Internet Community May Soon Offer Alternative to "dot com."

"Dot Com" Monopoly to End

If you want to start a Web site, you basically have one choice: a name you pick followed by .com ("dot com"). Several other "last names"—called top-level domains (TLDs)—exist, such as .org for NPOs or .edu for schools. But if you are an individual or business you're stuck with .com . The Internet, like Henry Ford, offers you a car in any color as long as it's black.

But the Internet community may soon be offering a range of new names, allowing individuals and entities more options. A group of companies and individuals involved in the Internet have put together a "generic top-level domain memorandum of understanding" (gTLD-MoU). It proposes seven new TLDs:

  • .firm for businesses or firms.

  • .shop for businesses offering goods for purchase.

  • .web for entities involved in Web-related activities.

  • .arts for entities emphasizing cultural and entertainment issues.

  • .rec for recreation-related entities.

  • .info for information service providers.

  • .nom for individuals.


These new top-level domains will be available from a variety of authorized companies around the world, called registrars. Network Solutions, Inc. (NSI), a publicly traded U.S. corporation, has been the exclusive source of .com domains.


Top 10 Industry Challenges

Not-for-profit rated increasing funds as their-top challenge over the next few years. Here's a look at the other problems they face:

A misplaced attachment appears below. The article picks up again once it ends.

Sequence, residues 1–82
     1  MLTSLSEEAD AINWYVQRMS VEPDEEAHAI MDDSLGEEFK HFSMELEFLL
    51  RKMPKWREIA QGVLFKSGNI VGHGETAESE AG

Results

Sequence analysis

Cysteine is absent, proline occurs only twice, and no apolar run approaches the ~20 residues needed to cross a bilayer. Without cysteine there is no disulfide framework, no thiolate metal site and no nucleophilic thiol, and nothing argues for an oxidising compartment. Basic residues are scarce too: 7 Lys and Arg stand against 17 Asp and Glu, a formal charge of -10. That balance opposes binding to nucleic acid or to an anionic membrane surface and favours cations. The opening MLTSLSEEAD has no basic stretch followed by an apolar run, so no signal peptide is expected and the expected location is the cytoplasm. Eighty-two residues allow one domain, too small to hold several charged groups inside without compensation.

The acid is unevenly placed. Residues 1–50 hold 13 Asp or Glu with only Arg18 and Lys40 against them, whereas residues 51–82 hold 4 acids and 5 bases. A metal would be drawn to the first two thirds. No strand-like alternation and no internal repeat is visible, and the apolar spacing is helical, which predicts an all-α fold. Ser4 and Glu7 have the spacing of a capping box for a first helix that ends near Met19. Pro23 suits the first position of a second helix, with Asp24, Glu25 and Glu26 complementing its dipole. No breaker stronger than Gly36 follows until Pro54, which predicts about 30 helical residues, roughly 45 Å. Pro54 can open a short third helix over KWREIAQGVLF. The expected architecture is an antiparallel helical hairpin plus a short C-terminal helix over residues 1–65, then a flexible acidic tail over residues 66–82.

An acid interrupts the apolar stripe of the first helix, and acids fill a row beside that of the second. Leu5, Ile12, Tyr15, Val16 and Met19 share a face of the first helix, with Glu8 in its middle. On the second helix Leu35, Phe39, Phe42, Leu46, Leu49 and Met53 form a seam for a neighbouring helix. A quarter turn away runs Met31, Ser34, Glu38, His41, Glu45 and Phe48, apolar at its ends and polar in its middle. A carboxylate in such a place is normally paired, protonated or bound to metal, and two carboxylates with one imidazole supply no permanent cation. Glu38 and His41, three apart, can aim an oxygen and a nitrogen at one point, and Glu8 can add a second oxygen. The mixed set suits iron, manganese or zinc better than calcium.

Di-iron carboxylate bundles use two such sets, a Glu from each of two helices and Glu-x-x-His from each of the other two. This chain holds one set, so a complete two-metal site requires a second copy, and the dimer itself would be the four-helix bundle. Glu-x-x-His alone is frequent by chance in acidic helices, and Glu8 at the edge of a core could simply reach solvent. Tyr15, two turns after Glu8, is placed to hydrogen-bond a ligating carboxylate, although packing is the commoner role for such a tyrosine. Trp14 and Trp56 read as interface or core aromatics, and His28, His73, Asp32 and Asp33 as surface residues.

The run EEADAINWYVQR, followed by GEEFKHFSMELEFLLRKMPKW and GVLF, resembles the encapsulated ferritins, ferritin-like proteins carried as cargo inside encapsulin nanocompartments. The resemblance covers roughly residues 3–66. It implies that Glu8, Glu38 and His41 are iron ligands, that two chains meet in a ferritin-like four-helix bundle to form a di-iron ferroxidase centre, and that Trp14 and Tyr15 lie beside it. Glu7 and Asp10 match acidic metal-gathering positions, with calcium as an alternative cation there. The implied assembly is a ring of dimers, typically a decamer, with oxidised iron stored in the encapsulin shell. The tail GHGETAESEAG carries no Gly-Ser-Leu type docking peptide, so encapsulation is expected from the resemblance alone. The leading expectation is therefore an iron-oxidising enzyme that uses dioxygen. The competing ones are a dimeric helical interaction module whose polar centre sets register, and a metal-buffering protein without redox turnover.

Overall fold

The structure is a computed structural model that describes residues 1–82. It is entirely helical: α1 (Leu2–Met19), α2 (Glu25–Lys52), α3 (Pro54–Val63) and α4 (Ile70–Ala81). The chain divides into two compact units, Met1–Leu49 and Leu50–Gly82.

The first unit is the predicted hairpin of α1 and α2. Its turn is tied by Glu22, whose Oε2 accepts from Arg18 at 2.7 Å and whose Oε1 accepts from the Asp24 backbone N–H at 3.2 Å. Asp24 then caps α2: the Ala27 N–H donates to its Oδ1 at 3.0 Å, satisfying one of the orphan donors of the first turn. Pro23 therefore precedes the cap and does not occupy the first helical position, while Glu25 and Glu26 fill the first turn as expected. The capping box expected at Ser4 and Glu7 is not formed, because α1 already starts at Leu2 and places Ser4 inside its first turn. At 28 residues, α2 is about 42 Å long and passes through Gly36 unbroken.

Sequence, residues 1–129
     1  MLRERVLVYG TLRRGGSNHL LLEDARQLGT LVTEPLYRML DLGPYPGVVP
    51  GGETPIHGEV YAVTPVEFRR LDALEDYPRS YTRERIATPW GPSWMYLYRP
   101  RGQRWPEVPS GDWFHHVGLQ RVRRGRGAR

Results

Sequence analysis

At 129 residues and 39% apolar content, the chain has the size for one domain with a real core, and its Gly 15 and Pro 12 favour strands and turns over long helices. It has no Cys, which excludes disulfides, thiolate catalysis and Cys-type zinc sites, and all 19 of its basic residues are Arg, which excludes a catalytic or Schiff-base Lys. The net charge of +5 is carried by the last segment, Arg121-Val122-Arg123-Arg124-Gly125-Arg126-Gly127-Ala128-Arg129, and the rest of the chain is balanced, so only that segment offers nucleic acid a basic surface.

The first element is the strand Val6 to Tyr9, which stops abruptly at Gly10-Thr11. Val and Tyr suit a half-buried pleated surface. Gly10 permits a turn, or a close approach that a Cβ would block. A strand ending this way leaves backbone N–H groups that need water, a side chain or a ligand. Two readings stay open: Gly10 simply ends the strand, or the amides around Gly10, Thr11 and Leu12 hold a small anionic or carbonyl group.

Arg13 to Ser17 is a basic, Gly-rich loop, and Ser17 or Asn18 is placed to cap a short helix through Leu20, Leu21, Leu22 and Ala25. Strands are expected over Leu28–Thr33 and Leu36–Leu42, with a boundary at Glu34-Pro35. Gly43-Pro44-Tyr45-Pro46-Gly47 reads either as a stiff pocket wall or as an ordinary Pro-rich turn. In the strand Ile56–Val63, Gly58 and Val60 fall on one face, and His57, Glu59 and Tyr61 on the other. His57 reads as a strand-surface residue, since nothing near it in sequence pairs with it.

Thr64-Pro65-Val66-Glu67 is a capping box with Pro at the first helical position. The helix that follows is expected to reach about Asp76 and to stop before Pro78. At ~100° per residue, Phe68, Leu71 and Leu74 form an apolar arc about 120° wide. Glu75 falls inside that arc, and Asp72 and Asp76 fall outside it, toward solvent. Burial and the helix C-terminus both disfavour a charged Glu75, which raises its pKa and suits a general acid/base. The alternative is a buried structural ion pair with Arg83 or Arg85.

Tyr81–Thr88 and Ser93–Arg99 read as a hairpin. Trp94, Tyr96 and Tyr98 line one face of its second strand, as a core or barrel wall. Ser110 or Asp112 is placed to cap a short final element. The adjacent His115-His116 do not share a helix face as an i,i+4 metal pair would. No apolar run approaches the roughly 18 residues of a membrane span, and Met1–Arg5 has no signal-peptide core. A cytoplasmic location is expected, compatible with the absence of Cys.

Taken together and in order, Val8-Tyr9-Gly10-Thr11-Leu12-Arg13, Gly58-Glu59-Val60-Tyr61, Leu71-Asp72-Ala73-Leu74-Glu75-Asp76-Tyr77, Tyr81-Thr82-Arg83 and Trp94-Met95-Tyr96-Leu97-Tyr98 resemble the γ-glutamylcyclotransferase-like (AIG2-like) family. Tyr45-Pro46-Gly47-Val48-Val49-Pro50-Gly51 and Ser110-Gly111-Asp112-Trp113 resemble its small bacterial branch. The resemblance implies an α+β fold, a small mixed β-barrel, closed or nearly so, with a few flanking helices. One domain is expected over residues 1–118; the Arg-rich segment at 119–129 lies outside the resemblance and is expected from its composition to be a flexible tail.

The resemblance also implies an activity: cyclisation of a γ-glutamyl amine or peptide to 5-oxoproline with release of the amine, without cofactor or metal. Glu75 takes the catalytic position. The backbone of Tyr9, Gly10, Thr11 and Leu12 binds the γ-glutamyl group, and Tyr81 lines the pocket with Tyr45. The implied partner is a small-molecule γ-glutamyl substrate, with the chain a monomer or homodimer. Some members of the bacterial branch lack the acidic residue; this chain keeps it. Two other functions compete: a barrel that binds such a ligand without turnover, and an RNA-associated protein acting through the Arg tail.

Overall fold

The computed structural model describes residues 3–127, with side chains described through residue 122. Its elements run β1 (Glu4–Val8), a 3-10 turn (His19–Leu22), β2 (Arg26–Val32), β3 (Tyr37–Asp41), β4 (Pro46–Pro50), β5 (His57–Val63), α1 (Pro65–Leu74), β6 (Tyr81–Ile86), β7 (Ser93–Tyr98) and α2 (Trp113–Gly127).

TOP TEN LIST

  1. Increase fundraising revenue.
  2. Contain escalating costs.
  3. Employ new technology.
  4. Enhance the efficiency and quality of operations.
  5. Manage cash and investments.
  6. Create incentives for employees.
  7. Comply with financial reporting requirements.
  8. Increase revenue while minimizing tax trustees.
  9. Work effectively with boards of directors or trustees.
  10. Maintain tax exempt status.
Source: Not-for-Profit Services Association, Chicago.


What it all means
Some of the new registrars already are accepting "preregistered" names. For example, someone may have signed up as "www.CPA.firm." However, given the number of registrars, there is no assurance another registrar won't be first with a requested name when the new system is up and running. Nothing is yet in place for resolving such conflicts, and there are no guarantees that this system is final. The National Telecommunications & Information Administration (NTIA), part of the Department of Commerce, is proceeding with a parallel, if not identical, plan to open up the Internet. Despite months of online excitement over impending changes, new TLDs may not appear until later this spring.

Meanwhile, NSI still is registering .com and a few other established TLDs and has even made its online registration process simpler. An NSI spokeswoman told the Journal that NSI will continue to be a player in the growth of the Internet and hopes to be a registrar for any new TLDs as well.

There are a number of online resources the curious can go to for more information about the changes:

www.gtld-mou.org . This site includes a FAQ list explaining the details of the proposed new arrangement as well as a list of the various groups and committees involved. Especially useful is a list of all the proposed new registrars in the United States and abroad.

www.netsol.com . The NSI pages include press releases describing its positions on Internet changes.

www.worldnic.com . NSI's online registration site allows individuals and companies to establish their own domain names.

www.ntia.doc.gov . The NTIA has posted a lengthy paper, A Proposal to Improve Technical Management of Internet Names and Addresses .

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